In a conventional mosaic-related technology, a model is divided using a particular algorithm, and divided image pieces are reconfigured to create a two-dimension based mosaic image.

Also, U.S. Patent publication No. 20040036693 discloses a method for representing a color paper mosaic using a computer, as the unrealistic rendering technique. In this specification, when textures are applied to a model using a computer, a torn portion is expressed as a white rugged portion in order to make that part look like as if it is created by hand drawing. However, this conventional technology is limited to only a two-dimension, and thus cannot replicate in the mosaic image a cubic effect created by overlapping textures or a crinkled effect of actual paper when it is glued.

SUMMARY OF THE INVENTION

Accordingly, the present invention is directed to a system and method for a mosaic rendering of a 3D model, which substantially obviates one or more problems due to limitations and disadvantages of the related art.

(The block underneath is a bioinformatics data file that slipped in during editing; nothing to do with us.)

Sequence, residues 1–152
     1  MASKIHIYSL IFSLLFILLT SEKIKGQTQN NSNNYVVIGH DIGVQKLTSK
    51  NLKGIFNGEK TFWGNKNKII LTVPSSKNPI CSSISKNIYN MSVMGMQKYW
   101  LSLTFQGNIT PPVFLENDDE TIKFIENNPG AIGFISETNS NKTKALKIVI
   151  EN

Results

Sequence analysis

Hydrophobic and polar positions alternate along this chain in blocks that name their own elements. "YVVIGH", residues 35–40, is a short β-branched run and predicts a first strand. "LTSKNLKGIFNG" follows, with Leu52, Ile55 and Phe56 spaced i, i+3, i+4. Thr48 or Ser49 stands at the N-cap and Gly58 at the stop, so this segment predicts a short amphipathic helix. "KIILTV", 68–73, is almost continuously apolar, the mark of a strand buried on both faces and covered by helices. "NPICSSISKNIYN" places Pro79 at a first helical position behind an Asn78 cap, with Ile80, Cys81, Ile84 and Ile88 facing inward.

It is an object of the present invention to provide a system and method for a mosaic rendering of a 3D model, which creates a mosaic image by creating textures using polygon information of a 3D model and mapping the created textures on the inputted 3D model, and outputs an unrealistic mosaic image with a 3D effect created by overlapping textures and a crinkled effect of actual paper when it is glued, using the polygon information of the inputted 3D model and a geometric structure related to a curvature of a mesh.

It is another object of the present invention to provide a system and method for a mosaic rendering of a 3D model, which can create a mosaic image according to a viewpoint whenever the view point is changed because the mosaic image is rendered using polygon information of a 3D model and curvature information of a mesh.

Additional advantages, objects, and features of the invention will be set forth in part in the description which follows and in part will become apparent to those having ordinary skill in the art upon examination of the following or may be learned from practice of the invention. The objectives and other advantages of the invention may be realized and attained by the structure particularly pointed out in the written description and claims hereof as well as the appended drawings.